So I call the doctor back and I’m like, “All right, I’m in, I’m coming down.”

And he’s like, “All right, well, I gotta give you a heads up. We can’t really clean up because the coroner has to sign off on her.”

And I’m like, “You’re not really selling this. I gotta be honest with you.”

(AUDIENCE LAUGHING)

“I don’t know if I can handle it, man.”

He’s like, “You can handle it. Just come down here and we’ll take care of you.”

And I’m like, “Oh, all right.” So, now, it’s 12:30 at night, I’m driving down to the hospital and I’m in shock. My girlfriend died. You know, out of body experience. I’m shattered and totally traumatized. And I’m driving alone to this hospital in the middle of the night.

And I get to the hospital and there’s no one in it, just a security guard. I’m like, “I’m here.”

He says, “Yeah, I know.”

And he takes me up to intensive care. Now, like, thank God for nurses. They’re real heroes and they’re at this shit. Yeah.

(AUDIENCE CHEERING, APPLAUDING)

Every day. Every day, nurses are dealing with this stuff. And I’m saying that to preface the fact that the nurses up in the ICU were a little chipper. I don’t know why. But…

(AUDIENCE LAUGHING)

Maybe it was helpful. I don’t know. But I got up there and I’m like, “Hi.”

And they’re like, “Hi!” And I’m like, “Re-Okay.”

(AUDIENCE LAUGHING)

And I’m like, “You know, I’m here to see Lynn Shelton.”

They’re like, “We know, she’s just in there.”

And there’s no rooms in an ICU. Not at this one. It was dark and there was just curtains. And they said, “She’s in there. You know, you go in there and, you know, take as much time as you want.”

And I’m like, “Okay.”

So I walk in there and Lynn’s there and she’s gone. And I was able to, you know, touch her forehead and, you know, tell her I loved her and cry, you know, for a few minutes. And I stayed with her for a good five minutes, and I was like, you know, I felt like, “Okay, I’m going to go,” you know, and I said goodbye and I’m walking out and I’m thinking, “Selfie? No. Right?”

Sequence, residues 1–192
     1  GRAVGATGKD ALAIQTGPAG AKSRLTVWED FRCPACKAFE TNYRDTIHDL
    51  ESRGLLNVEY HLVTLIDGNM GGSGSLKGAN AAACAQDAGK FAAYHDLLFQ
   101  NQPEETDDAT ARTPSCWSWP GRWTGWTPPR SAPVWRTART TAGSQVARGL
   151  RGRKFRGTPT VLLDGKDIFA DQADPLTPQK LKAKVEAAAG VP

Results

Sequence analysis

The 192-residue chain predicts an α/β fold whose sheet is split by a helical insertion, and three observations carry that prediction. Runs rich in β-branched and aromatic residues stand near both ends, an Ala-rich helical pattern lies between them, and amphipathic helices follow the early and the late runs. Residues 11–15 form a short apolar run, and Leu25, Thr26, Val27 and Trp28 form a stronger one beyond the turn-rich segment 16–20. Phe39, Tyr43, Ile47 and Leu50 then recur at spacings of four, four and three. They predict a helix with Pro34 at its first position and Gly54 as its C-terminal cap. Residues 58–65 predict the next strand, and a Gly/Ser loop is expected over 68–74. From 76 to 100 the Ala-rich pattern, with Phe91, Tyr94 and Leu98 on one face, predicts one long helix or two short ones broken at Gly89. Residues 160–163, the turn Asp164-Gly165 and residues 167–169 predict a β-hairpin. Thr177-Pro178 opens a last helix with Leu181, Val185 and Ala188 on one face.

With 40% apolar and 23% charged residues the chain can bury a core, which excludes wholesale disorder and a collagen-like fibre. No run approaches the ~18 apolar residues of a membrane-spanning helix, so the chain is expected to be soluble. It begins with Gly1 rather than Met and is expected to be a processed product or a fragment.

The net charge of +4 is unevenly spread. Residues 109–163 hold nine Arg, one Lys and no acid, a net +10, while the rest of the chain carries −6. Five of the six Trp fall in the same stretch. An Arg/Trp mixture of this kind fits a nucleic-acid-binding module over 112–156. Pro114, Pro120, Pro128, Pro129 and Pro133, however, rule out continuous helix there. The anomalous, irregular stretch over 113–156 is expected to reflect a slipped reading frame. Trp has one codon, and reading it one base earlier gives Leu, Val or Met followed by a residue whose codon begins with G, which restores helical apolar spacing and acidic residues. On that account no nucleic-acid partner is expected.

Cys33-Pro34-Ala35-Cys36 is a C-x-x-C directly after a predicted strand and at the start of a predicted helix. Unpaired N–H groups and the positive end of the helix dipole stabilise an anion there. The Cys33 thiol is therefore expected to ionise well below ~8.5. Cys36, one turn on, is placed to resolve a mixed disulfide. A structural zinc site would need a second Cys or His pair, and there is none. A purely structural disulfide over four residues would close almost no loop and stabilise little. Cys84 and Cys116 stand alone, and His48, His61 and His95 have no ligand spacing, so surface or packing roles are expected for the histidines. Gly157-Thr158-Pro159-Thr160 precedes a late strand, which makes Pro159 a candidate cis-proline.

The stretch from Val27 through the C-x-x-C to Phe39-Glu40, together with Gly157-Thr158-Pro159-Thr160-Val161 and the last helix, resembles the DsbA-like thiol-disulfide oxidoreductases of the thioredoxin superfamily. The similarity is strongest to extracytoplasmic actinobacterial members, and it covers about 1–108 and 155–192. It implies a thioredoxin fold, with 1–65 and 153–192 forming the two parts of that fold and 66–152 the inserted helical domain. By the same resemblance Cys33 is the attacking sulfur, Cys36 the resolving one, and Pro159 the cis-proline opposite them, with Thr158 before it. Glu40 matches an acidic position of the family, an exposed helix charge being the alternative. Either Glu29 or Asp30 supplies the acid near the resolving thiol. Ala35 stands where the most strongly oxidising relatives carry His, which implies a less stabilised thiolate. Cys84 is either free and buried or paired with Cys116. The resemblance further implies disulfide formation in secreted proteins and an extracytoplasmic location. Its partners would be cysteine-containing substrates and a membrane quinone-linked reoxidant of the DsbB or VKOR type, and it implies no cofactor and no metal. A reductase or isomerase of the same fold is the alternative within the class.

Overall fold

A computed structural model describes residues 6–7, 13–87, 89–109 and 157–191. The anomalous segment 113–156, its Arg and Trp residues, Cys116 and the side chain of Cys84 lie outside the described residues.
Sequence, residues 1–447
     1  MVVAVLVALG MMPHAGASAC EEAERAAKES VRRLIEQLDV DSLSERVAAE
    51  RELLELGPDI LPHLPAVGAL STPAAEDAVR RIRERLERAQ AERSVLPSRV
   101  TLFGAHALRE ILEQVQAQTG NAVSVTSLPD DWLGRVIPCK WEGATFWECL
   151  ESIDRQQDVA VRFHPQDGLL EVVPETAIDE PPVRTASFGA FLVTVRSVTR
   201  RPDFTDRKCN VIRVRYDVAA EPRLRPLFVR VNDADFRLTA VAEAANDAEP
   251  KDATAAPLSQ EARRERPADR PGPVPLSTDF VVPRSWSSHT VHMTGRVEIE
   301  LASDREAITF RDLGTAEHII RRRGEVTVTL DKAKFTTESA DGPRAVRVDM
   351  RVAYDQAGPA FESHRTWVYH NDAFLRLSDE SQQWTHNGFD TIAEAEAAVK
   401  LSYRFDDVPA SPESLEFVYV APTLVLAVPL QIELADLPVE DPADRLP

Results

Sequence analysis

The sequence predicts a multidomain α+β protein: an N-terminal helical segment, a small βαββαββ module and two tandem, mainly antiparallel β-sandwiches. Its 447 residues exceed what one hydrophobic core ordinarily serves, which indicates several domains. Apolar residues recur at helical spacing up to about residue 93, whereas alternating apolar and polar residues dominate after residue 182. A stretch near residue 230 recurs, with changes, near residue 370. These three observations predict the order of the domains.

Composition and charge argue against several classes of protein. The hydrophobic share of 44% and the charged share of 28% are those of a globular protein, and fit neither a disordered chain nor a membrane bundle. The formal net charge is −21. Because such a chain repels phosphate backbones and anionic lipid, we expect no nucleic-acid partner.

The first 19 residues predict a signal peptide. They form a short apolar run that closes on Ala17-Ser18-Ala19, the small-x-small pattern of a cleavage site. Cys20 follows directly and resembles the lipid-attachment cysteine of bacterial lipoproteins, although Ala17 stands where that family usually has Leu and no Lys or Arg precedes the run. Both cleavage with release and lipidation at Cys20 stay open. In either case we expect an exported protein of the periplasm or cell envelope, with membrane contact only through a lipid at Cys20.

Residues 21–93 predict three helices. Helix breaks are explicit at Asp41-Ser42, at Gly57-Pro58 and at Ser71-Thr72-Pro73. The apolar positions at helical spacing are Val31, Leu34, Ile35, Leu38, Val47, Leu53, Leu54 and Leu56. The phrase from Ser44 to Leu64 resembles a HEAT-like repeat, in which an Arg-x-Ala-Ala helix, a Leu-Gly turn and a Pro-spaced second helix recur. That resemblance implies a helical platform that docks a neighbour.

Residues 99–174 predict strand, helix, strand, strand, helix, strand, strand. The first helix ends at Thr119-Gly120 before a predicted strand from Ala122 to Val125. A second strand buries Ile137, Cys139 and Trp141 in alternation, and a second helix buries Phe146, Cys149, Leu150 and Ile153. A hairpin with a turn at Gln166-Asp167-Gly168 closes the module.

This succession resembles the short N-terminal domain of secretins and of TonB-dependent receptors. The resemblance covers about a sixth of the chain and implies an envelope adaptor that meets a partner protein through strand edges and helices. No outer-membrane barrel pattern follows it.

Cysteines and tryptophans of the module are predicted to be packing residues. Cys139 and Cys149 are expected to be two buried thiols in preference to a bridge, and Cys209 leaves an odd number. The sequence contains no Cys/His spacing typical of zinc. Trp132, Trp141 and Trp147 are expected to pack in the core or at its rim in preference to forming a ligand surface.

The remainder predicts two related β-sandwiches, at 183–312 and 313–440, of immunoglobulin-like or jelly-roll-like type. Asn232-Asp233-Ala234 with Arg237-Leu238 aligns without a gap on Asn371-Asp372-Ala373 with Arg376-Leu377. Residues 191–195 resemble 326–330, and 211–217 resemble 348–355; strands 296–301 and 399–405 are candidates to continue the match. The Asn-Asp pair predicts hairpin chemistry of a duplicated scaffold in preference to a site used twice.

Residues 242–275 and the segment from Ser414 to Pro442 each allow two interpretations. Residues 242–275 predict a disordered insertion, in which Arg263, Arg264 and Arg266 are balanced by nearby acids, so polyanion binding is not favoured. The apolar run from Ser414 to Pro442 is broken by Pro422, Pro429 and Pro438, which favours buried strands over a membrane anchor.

(AUDIENCE LAUGHING, APPLAUDING)

(MARC MUMBLES)

Now…

(AUDIENCE APPLAUDING)

…when I wrote that joke or when I came up with it, it made me feel so happy.

(AUDIENCE LAUGHING)

But I didn’t know what to do with it, you know, so I call the darkest comic I know, Dan Vitale, who’s since passed. And I said-I told the joke. And he’s like, “Oh, my God, that’s amazing. But you can never tell that.”

(AUDIENCE LAUGHING)

And I’m like, “I don’t know, man. We’ll see.”

I think-And I think Lynn would like it, you know, and I held on to that, you know, until I got to Ireland recently. And now, it’s become unclear.

(AUDIENCE LAUGHING)

I was doing that bit in Ireland, and her and I had a vacation there. It was the only vacation we had taken and we had an amazing time. We both had a deep sort of love for Ireland for whatever reason, because it’s amazing. But– So I’m in Dublin doing a show recently and I do that bit and the lights in the venue started going on and off. The lights on me started wavering. And everyone in the room was like, “Oh, my God.”

And I’m like, “Take it easy. Hi, Lynn. I’m glad you’re in Ireland and you love it here. You good?”

And then it was like, “Okay.” And I did– And I took it as a sign that, “Okay, she likes the jokes.”

(AUDIENCE LAUGHING, APPLAUDING)

Wait. But wait. So then I get back to my hotel room and the venue manager said, “That’s never happened before.”

“No, it was Lynn, she’s hanging out.”

So-“Usually she’s a bird.”

So…

(AUDIENCE LAUGHING)

But I get back to my hotel room in Ireland and I go to turn the lamp on and the bulb goes… (IMITATES CRACKLING) It just doesn’t-It goes out. And I’m like, “Shit. What’s up, baby?”

(AUDIENCE LAUGHING)

But I’m still holding on to the idea that, “No, she likes the jokes. Right?”

When you’re sad, you’ll go mystical.

So I do them in Texas a few months later and during that bit the mic starts going in and out and I’m like, “Oh, shit, she came to Texas.”

(AUDIENCE LAUGHING)

(CHUCKLES) “Maybe she doesn’t like the jokes.”

(AUDIENCE LAUGHING, APPLAUDING)

But I thought if it happens at the HBO taping, I’m definitely never doing them again.